“Today is our 25th wedding anniversary.
So what did I learn?
I learnt that a marriage is a game of give and take in which the more you give, the more you take. And that unless you give you can’t take.
I learnt that the trick is to collect memories. What kind of memories? Any kind you want. That is up to you. Only, in the end, you will only have what you collected.
I learnt that not only can you collect memories but you also get to make them. Once again, you get to make whatever kind you want. Those that will bring a smile to the face, warmth to the heart and perhaps a tear of happiness. Or the other kind.
I learnt that to be married is to be prepared to be surprised. All kinds of surprises – that the delicate person in lace who smells sweeter than a rose garden has a core of steel. And the day you have to lean on it, you are very happy indeed that it is there.
I learnt that to share meant to give up your ownership – then you get back what you gave up, enhanced and enriched. She said to me once, a few days after we got married, ‘If you call everything ‘mine’ then what do I have to call mine?’ To ‘give up’ ownership is sometimes nothing more than to use the term ‘we’ instead of ‘I, me, mine, my’. I learnt that it is not about the semantics but about the soul of being married.
She is an artist in many ways, one of which was as a painter. She was painting a seascape. Stormy clouds, lashing waves and one boat. Then she started to paint another boat in the scene. She worked on it for many days but the second boat would simply not fit into the scene. It looked out of place. It looked alien. It looked clearly as if it did not belong there. So she rubbed it out. It took me some years to realize that it was not about the number of boats in the scene but the number of people in the boat.
I remember the strange warm glow when I was introduced for the first time as, ‘This is my husband.’ Never knew that there was so much pleasure in being ‘owned.’ My husband. Hmm!!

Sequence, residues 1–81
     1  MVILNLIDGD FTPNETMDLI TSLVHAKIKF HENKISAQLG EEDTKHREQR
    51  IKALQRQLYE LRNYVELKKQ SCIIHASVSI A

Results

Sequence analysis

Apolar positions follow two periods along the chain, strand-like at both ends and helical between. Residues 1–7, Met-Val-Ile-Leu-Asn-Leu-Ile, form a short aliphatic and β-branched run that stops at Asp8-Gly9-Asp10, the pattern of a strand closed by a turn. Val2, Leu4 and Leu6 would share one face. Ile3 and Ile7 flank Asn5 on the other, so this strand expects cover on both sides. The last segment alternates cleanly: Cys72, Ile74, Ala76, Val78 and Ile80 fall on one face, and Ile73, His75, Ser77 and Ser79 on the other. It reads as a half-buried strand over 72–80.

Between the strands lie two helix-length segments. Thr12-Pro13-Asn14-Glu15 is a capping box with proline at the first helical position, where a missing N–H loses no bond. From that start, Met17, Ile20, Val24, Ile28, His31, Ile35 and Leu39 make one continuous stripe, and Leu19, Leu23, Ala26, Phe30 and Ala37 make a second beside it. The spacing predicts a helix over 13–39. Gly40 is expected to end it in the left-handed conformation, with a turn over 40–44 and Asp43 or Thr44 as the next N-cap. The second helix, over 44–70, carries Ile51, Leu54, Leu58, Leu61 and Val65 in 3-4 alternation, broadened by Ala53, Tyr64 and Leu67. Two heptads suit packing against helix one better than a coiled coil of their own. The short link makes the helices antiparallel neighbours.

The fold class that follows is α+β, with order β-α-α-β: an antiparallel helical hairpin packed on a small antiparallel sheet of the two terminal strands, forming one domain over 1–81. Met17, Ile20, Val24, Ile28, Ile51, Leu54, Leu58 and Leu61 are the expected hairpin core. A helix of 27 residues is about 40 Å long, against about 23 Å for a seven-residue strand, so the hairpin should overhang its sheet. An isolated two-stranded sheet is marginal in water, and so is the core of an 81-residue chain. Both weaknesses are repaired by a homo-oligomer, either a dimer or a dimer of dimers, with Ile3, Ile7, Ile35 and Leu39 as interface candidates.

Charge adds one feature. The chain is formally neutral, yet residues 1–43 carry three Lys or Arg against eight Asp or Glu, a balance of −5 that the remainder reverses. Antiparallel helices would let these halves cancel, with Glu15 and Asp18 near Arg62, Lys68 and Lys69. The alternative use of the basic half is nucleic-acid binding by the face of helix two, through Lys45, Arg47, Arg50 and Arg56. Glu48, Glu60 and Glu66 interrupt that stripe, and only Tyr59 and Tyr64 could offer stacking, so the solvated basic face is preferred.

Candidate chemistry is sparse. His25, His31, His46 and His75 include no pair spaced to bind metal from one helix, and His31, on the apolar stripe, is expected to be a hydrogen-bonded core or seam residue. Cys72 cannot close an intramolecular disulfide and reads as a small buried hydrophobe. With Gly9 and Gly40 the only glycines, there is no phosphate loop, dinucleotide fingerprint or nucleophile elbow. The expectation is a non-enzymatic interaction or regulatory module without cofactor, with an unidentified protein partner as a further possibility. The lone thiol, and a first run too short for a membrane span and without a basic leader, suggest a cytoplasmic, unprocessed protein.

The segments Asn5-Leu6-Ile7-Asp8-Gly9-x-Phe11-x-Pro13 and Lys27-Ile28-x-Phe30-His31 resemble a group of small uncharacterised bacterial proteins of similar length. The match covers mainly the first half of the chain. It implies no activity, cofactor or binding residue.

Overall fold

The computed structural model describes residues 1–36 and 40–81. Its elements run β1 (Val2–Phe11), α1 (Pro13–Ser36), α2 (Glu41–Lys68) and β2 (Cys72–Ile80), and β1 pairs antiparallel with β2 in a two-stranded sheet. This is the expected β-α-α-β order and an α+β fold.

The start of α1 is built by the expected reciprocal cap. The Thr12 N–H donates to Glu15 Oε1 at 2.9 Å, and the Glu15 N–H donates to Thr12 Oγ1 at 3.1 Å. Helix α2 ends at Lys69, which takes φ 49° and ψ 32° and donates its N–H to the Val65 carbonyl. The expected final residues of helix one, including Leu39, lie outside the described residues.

I learnt that it is not always necessary to say, ‘I love you,’ ‘Thank you,’ ‘I miss you.’ But it is always necessary to say, ‘I am sorry.’ I also learnt that leaving your partner to read your mind opens you to the danger of your partner never having learned how to read minds. I learnt also that in the end even though you say the words, it is what you do, the light in your eyes, the ‘charge’ in the hug that conveys more than the words ever will.
I learned the joy of opening my mouth to say something only to hear my words coming out of my wife’s mouth and then we both laugh. Who said telepathy doesn’t work? Maybe it doesn’t work all the time. But then neither do the phones.
I learnt the value of being thankful. Thankful to Allah for granting me someone who I neither asked for, nor could have hoped for and to see us through highs and lows such that at the end of 25 years, all I can do is to thank Him. Thankful to my wife for walking with me on the road of life – walking on my road, perhaps at the cost of the road she wanted to walk on (never had the courage to ask her). Thankful to her for being the only person about whose support I never had to wonder or guess. Thankful to her for always being in my corner, even though sometimes that meant giving me some tough feedback (that is part of being in the corner after all).
I learnt that in the end, the only thing that matters is trust. Not beauty, not wealth, not status or grace – although I must say that I was blessed in her with all of these in full measure – but trust. And that I was blessed with even more. I learned also that trust must be built, one day at a time; one incident at a time. I learned that trust is the most valuable of assets and so must be guarded accordingly.”
I learnt the difference between a house and a home. A house was what I would get and a home was what she would make it. I learnt that a home was where there was harmony, comfort, peace, grace, beauty and caring. And I also learnt that all this was possible to do with very little money.
I learnt that support sometimes means to be left to face your own fears and to overcome your own terrors with the knowledge that she would back me no matter what path I chose. But the decision was mine to take.
Companionship, a meeting of looks, a smile. Language and words that nobody else can understand. Shared memories over 25 years. Hard times, easy times. Alhamdulillah life goes on, each day a new discovery. A life of thankfulness for what we have been given.
Believe it or not, it is actually possible to fall in love afresh every time I look at her face – and I do. As for your unasked question, ‘All this is good. But surely there must have been something negative.’ My answer, ‘If you had to choose between keeping roses and garbage, which would you choose?’ Remember what I said about memories earlier? We get to keep those we want to remember. Having said that, the truth is that at least for me, there are none that are negative. And Allah knows that is true.”
Mirza Yawar Baig in Leadership Is A Personal Choice